Episode 1 – | Review Score – 3.5/5
Episode 2 – | Review Score – 4/5
Episode 3 – | Review Score – 3.5/5
Episode 4 – | Review Score – 3.5/5
Episode 5 – | Review Score – 4.5/5
Episode 6 – | Review Score – 4/5
Episode 7 – | Review Score – 4/5
Episode 8 – | Review Score – 4.5/5
Episode 9 – | Review Score – 4/5
Episode 10 – | Review Score – 4/5
Episode 11 – | Review Score – 4/5
Episode 12 – | Review Score – 4.5/5
Episode 13 – | Review Score – 4/5
Episode 14 – | Review Score – 4.5/5
Episode 15 – | Review Score – 4/5
Episode 16 – | Review Score – 5/5
Filling the slot of JTBC’s previous Korean drama Chocolate, Itaewon Class is a revenge drama, backdropped by an intense rivalry between two companies. With several time jumps and plenty of drama across its 16 episodes, Itaewon Class is a well written, solid series that keeps up a consistent level of intrigue and pacing throughout its run time, bowing things out with a perfectly written ending that makes the journey well worth taking.
The story revolves around rebellious high school student Sae-Ro-Yi, who finds himself entangled in a blood feud with a bully named Geun-Won following the shocking death of his Father. Consumed by rage and subsequently thrown in prison, Sae-Ro-Yi finds himself antagonized by the Chairman of Jangga. What follows is a revenge-fueled redemption story that sees Sae-Ro-Yi team up with the eccentric Yi-Seo to open a pub in the bustling tourist area of Itaewon street and try to topple the Chairman and Jangga Co. and become the top restaurant company in Korea.
Of course, the plot is a lot more complicated than that, with various different characters engaged in their own angles – including Geun-Won’s brother Geun-Soo working for Sae-Ro-Yi at his pub DanBam and Sae-Ro-Yi’s childhood crush Soo-A working for the Chairman. All of these character-driven sub-plots work seamlessly with the main plot, interweaving with the revenge angle until the finale.
With several different time jumps, the final few episodes throw in a kidnapping angle that feels slightly superficial in the way it’s presented, but does a good enough job to keep things ticking across to the surprisingly well written and satisfying conclusion to this tale.
The story itself works really well, with multiple layers built up across its run-time and plenty of topical issues explored too. From racism and sexism through to the taboo subject of transgenders, Itaewon Class doesn’t shy away from a lot of the controversial topics and handles them with respect throughout. There’s never a moment where these feel contrived or forced, organically adding to the experience of the show.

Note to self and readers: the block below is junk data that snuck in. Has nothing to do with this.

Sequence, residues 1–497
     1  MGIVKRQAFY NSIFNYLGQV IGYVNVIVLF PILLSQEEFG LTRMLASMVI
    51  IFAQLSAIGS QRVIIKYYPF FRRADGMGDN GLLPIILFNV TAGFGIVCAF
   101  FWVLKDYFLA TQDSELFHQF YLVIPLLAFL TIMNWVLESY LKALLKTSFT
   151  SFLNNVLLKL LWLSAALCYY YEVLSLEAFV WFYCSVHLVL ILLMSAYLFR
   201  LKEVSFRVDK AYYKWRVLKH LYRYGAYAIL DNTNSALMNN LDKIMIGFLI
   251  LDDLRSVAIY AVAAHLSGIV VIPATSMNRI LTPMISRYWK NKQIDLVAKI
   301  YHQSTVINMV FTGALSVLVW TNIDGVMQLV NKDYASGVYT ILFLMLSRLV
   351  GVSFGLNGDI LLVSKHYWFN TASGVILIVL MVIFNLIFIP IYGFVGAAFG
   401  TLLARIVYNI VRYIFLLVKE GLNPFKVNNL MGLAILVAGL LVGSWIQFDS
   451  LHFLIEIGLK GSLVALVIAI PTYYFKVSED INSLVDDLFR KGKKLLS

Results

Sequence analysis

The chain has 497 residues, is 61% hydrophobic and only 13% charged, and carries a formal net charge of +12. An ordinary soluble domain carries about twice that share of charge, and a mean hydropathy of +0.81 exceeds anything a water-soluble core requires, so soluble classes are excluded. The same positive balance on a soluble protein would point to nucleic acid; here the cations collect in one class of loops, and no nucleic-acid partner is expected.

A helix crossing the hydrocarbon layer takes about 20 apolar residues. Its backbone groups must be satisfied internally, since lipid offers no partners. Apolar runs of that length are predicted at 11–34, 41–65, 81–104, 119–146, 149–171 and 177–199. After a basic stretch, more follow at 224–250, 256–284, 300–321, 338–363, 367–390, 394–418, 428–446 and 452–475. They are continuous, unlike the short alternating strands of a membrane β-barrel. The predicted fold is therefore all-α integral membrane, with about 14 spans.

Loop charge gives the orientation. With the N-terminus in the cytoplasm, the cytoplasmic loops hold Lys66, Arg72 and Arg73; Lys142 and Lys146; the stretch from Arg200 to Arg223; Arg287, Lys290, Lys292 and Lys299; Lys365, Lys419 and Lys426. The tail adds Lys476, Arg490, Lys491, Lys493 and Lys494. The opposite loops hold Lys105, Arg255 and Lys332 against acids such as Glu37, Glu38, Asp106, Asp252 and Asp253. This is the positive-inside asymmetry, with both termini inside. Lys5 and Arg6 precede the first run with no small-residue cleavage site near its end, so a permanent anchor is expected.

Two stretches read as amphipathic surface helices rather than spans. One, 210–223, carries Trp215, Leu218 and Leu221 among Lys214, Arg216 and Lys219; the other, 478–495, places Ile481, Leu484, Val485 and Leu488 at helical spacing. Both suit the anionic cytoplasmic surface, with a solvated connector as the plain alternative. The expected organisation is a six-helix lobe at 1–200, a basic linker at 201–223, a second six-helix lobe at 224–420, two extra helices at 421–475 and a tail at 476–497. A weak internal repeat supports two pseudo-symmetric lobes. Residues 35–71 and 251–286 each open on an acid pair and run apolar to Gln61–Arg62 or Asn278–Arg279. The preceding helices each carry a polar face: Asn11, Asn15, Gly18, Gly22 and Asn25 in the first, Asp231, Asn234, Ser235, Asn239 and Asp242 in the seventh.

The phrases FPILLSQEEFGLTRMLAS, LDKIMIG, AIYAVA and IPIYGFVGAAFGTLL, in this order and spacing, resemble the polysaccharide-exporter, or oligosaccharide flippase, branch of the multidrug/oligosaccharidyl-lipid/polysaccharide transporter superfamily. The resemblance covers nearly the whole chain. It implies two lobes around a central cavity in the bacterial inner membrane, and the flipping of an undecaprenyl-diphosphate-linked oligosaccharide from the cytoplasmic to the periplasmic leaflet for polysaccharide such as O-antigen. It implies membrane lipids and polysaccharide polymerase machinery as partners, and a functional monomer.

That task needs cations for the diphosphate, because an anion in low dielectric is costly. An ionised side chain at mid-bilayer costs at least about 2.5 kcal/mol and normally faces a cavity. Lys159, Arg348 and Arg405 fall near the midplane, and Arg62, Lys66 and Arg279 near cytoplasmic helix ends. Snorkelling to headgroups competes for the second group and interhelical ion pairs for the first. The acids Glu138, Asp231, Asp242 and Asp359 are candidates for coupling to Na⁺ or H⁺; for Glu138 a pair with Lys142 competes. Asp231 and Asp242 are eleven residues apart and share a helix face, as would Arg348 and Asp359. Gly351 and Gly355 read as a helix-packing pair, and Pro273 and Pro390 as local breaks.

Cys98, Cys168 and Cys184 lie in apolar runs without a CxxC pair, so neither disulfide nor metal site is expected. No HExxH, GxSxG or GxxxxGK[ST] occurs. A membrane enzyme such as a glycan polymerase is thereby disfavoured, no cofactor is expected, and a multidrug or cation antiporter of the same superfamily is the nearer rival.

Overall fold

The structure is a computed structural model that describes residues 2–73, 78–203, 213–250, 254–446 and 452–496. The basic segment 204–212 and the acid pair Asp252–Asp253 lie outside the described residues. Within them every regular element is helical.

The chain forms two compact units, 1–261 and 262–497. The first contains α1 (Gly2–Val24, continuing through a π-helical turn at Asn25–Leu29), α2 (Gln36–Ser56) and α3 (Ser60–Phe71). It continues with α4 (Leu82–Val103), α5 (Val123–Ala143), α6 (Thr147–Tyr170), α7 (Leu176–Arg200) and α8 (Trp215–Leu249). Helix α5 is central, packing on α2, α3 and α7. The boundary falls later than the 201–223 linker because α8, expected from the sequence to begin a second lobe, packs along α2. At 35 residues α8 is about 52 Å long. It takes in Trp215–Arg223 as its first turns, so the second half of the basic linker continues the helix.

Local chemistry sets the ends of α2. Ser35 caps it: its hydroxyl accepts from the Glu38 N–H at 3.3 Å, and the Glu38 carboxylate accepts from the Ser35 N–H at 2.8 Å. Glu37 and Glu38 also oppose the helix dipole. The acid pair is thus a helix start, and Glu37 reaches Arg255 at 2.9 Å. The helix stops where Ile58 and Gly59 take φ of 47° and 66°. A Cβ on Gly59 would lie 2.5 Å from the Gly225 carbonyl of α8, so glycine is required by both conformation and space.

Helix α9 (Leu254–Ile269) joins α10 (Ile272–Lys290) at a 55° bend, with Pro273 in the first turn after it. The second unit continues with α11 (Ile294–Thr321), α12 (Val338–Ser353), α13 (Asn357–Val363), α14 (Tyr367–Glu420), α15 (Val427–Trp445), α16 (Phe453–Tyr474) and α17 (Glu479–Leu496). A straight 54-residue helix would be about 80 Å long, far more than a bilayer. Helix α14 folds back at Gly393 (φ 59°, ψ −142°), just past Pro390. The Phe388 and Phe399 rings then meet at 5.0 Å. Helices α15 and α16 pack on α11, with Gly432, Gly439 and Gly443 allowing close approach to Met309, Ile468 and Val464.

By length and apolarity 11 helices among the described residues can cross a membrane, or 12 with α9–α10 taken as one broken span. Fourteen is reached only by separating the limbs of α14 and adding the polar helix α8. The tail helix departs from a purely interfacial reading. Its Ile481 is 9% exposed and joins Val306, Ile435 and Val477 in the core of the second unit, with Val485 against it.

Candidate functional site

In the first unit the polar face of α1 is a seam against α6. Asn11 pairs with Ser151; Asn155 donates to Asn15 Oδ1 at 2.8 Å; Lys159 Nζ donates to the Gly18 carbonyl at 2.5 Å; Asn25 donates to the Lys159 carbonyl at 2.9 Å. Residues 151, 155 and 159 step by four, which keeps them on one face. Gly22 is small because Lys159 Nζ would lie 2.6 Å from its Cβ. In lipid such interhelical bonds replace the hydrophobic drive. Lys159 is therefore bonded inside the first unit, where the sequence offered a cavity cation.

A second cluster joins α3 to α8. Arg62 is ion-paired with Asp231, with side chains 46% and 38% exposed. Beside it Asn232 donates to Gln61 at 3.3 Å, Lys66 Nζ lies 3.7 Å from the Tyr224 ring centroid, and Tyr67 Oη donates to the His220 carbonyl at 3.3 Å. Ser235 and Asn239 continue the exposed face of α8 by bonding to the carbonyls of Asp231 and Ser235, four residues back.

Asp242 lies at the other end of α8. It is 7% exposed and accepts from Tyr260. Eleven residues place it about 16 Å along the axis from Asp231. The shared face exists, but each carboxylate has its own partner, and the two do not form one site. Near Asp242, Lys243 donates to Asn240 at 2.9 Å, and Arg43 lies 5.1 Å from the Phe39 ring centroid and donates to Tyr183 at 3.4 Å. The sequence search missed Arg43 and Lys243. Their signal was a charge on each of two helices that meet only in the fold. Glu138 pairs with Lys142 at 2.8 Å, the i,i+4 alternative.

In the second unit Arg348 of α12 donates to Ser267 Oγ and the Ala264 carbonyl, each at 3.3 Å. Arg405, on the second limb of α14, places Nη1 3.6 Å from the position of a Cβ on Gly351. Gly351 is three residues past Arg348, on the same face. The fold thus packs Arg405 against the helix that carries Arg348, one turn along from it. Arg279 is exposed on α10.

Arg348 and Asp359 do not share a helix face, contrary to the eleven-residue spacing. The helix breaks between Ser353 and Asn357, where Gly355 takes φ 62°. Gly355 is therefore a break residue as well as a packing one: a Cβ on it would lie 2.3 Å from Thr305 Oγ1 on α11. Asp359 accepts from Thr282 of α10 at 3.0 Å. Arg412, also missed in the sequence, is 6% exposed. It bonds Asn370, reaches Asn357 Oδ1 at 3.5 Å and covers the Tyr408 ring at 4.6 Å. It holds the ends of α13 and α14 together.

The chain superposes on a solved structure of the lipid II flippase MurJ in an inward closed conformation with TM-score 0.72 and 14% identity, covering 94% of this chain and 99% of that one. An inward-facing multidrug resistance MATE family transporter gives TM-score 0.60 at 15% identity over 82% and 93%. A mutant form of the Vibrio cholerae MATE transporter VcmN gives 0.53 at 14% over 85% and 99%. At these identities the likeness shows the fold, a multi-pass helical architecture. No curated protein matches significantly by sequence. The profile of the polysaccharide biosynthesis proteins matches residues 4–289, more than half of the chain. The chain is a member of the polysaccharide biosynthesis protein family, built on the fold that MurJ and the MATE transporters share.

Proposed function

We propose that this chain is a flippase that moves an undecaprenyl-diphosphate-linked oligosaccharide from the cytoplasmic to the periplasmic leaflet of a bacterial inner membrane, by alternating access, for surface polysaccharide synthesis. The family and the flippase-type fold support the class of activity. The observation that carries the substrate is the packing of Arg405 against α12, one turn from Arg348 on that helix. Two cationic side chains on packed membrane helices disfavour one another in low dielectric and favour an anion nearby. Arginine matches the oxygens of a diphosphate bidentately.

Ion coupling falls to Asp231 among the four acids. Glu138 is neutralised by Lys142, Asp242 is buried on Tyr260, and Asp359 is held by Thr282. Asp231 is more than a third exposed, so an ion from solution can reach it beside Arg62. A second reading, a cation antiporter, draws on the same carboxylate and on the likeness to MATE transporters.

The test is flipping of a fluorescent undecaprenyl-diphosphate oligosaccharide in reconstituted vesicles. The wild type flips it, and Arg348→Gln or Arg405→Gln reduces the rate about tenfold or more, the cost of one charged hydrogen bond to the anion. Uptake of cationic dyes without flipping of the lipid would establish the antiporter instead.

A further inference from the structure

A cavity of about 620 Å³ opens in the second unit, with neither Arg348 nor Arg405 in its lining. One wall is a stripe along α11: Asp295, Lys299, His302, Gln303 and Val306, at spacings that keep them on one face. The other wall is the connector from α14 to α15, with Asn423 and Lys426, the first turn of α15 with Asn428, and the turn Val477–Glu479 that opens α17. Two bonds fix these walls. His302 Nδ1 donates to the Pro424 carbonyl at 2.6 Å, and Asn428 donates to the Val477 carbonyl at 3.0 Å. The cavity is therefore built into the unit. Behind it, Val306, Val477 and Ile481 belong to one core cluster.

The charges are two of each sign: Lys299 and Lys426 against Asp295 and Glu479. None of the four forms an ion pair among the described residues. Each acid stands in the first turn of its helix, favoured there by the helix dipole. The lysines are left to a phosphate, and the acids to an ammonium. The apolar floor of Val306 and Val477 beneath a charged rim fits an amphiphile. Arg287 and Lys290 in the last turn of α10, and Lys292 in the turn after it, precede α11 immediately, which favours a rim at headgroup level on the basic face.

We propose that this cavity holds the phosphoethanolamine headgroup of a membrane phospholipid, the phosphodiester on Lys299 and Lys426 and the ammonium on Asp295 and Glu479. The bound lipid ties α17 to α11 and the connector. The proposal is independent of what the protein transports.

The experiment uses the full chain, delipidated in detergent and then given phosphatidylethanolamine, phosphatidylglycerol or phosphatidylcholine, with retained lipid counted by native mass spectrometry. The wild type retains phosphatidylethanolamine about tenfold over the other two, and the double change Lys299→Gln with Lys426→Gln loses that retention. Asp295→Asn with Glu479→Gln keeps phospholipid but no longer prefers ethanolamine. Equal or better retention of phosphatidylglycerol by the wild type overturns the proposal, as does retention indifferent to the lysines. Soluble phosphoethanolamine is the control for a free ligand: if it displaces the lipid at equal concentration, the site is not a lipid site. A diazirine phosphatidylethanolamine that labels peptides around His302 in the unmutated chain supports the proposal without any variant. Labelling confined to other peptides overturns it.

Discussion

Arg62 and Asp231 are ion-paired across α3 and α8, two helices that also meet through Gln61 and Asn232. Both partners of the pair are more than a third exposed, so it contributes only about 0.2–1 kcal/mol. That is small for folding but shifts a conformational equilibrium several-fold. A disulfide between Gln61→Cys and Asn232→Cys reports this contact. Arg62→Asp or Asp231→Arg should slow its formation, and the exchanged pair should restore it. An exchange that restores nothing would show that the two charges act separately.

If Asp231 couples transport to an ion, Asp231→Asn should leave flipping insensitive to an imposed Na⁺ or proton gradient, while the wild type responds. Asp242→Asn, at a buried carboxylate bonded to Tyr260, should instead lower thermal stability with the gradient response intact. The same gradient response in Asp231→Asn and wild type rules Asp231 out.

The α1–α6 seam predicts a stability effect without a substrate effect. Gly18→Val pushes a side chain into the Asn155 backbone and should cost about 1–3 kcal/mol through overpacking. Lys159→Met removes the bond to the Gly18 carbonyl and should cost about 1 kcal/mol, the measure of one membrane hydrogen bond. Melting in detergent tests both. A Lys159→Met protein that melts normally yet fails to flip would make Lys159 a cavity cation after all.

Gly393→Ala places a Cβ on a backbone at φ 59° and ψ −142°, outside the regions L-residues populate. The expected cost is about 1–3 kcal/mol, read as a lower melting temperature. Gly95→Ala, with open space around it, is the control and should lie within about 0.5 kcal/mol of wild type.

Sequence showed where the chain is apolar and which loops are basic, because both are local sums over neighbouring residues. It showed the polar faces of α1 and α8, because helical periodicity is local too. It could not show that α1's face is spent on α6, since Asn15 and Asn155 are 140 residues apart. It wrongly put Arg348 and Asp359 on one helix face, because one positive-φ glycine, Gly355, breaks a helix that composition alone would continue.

Although Itaewon Class does take a while to settle into its groove, around episodes 5 and 6 JTBC’s drama starts to settle down and deliver a much more driven story. The revenge plot that consumes a lot of the middle portion of episodes is interesting, with DanBam rising up from obscurity to begin challenging the Chairman, who finally starts to take things seriously as we reach the third act of this tale. It’s around this point that the show starts to build up various peaks in the run-time that deliver some really well-written reveals and emotionally rewarding segments.
Stylistically, the series adds in a few different musical montages with all the usual Korean drama tropes you’d expect. Slow-motion shots, flashbacks and dramatic cliffhangers are all here but they’re used well in the context of the show. The soundtrack has some nice, catchy songs on there too and overall the show maintains a really colourful palette across its 16 episodes, reinforcing the neon-awash streets of Itaewon itself.
Overall then Itaewon Class is a very solid, well written Korean drama that’s both simple enough to follow and intricate enough to keep things interesting across the 16 episodes without ever feeling like it’s dragging things out unnecessarily. The ending ultimately makes this Korean drama one of the best entries on the calendar this year. With a satisfying conclusion for every character and all the big plot points resolved by the end, Itaewon Class is well worth a watch.
Verdict - 9/10